The supplied remote is nicely designed and can also be used for playback control, volume adjustment and changing audio sources, although an indicator to register our button pushes would be welcome.
Provided you’re au fait with feeding the supplied speaker cable through binding posts and tightening them (rather than simply sticking a 3.5mm cable plug into the back of each speaker, which you could do if you have the necessary connectors), set up is simple – and Bluetooth pairing couldn’t be easier.
Although the M20 is not a wi-fi enabled proposition (it cannot support wireless network streaming), the main selling point over competitors at this price point is undoubtedly the pair of stereo RCA line-level inputs on the back of the master speaker, which allow us to physically connect an appropriate source, say a Bluesound Node streamer or Marantz CD6007 CD player.
Now, if we want to pause aptX HD and aptX Low Latency Bluetooth streaming from our phone to listen to an album on Tidal from the Bluesound, we can. And once we have connected a USB A-B cable from our laptop to the master M20 speaker, we can watch the news on BBC iPlayer with levelled up stereo audio, too. Q Acoustics' M20 speakers are ultimately convenient and continue to present various options however we consider using them.
The closest five-star competition to the M20 system that you might consider at this level is the Ruark Audio MR1 Mk2 desktop speakers, but put the two pairs side by side and the Ruark proposition is dwarfed by the Q Acoustics. It’s as if we’ve put a pair of full-sized hi-fi stereo standmounters beside a set of Bluetooth desktop speakers – but remember, there’s only a small difference between these two propositions in terms of price.
Sonically, too, the sound from the M20 feels fuller, louder and less compressed. Where the Ruark product seems to say “I’m meant for your laptop” and certainly does a splendid job there, the M20 has greater ambitions. Certain desks may actually be too small for the Q Acoustic M20, but this is ultimately a just-add-source solution that is designed for maximum flexibility in your home.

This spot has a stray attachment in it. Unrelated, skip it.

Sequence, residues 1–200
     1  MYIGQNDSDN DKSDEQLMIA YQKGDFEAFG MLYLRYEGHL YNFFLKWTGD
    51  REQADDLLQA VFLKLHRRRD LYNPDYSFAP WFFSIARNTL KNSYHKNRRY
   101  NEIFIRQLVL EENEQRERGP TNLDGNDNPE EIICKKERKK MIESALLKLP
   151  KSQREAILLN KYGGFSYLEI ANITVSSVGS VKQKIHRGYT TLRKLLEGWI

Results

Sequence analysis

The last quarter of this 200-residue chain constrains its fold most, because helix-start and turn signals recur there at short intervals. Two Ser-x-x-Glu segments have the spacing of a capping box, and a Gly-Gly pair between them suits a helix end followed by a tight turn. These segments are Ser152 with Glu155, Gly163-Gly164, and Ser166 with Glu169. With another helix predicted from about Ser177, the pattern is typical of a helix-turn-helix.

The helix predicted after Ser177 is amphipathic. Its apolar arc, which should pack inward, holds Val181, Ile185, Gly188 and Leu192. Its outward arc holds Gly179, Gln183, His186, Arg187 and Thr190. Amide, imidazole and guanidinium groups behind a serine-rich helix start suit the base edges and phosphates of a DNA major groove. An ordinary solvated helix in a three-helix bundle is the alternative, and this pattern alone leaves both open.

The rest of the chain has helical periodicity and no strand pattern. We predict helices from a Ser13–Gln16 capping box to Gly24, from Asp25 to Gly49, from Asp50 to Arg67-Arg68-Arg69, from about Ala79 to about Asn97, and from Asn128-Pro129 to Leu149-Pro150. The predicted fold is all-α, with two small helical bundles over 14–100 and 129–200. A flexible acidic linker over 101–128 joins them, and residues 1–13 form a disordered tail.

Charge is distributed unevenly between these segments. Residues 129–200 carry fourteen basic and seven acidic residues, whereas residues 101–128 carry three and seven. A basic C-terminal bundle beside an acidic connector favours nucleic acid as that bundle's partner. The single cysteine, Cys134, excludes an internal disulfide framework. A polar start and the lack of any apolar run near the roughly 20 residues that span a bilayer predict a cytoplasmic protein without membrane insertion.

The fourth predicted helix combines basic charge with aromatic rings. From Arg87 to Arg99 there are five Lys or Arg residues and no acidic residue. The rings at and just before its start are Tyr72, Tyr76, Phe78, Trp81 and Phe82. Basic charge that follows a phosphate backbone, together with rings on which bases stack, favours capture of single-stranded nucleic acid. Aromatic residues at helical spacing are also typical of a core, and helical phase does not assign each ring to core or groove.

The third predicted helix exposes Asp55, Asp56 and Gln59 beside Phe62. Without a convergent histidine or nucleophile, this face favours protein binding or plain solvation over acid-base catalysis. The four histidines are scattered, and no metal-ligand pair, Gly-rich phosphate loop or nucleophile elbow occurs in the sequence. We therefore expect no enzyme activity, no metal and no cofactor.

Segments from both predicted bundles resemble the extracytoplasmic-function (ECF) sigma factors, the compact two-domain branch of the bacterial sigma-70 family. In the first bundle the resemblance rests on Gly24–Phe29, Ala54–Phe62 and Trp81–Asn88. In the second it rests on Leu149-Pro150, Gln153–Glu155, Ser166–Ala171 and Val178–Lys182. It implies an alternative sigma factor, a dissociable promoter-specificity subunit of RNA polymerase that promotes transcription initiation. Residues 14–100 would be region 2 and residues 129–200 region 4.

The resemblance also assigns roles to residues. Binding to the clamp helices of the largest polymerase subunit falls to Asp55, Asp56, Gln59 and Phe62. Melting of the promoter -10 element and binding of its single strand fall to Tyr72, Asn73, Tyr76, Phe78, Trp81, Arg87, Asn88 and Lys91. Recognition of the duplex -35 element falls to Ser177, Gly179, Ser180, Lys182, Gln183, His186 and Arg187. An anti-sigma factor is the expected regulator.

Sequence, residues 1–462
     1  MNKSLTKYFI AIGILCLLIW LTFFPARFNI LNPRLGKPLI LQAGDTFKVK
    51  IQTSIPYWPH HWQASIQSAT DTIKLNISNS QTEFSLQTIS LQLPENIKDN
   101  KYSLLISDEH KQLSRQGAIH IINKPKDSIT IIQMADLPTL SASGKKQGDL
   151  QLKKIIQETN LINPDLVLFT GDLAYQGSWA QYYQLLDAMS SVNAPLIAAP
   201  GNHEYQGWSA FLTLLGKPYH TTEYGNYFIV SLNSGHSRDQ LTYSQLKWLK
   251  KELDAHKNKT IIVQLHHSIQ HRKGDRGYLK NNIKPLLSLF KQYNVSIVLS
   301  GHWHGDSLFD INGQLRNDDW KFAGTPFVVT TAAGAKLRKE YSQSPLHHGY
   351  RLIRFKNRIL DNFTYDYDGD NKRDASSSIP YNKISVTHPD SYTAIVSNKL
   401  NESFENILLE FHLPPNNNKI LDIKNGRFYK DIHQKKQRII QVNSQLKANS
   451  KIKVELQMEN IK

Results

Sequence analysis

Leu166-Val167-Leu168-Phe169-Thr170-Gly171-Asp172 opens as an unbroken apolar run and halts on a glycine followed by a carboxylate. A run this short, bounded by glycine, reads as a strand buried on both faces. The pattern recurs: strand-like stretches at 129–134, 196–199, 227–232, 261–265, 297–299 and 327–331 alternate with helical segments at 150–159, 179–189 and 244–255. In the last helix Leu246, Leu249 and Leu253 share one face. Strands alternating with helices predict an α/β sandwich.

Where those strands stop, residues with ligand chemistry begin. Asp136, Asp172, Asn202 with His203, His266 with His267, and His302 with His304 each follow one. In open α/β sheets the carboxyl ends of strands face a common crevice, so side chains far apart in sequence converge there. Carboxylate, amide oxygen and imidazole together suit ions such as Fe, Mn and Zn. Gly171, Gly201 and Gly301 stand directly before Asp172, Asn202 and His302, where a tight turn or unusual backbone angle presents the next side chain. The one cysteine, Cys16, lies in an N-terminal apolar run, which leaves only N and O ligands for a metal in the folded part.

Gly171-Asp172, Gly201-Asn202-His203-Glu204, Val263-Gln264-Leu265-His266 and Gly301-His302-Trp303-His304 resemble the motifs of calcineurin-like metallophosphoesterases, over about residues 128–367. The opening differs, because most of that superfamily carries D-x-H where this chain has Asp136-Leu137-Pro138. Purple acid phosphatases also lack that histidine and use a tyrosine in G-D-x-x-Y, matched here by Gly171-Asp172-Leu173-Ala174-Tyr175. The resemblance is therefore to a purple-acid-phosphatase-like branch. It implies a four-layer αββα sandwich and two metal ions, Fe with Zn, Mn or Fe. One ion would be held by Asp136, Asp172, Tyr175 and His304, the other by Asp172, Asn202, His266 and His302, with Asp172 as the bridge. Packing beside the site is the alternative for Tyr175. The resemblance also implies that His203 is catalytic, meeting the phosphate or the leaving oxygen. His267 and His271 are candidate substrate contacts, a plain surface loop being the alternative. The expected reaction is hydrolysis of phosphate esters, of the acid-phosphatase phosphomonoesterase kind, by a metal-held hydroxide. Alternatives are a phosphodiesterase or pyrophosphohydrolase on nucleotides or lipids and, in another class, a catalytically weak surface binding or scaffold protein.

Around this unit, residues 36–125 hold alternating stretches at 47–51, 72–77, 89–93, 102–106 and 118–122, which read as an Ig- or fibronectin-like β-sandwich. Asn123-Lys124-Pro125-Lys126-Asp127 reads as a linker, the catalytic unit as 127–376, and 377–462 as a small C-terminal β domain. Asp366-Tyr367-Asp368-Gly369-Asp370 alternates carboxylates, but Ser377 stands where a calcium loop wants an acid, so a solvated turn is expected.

We stream I’ll Be Around by Yo La Tengo on Tidal from our iPhone, and the textured walking bass, guitar picking and sombre vocal comes through with space around the notes and at volumes that easily go loud enough even for larger rooms.
We switch to AC/DC’s Hells Bells and the right speaker is all angry, snaking guitar, while the left brims with bells and cymbals in an expansive soundstage. As the drums kick in, the Q Acoustic M20 displays a great sense of timing too, with all musical strands held competently within a cohesive mix.
When streaming Masterjam by Rufus and Chaka Khan, we become especially aware that there’s a deliberate refinement to the presentation here, with an easily handled treble that, while present and pleasing, won’t overexpose harshness in certain Bluetooth files and recordings. Chaka Khan’s effortless and gloriously belted vocal here goes up through the rafters alongside the horns and electric guitar, in a sensible and very listenable performance.
Q Acoustics has released an unfussy, just-add-source set of powered speakers that we find impossible to dislike. With all of the amplification squirrelled away in the master speaker and the plethora of connectivity and placement options covered, the M20 is far more likely to become your entire music system than it is simply your new desktop speakers – and for this money, you’ll be hard pushed to better the sound quality with hi-fi separates.
- Build 5
- Features 5
- Sound 5
Read our review of the Ruark MR1 Mk2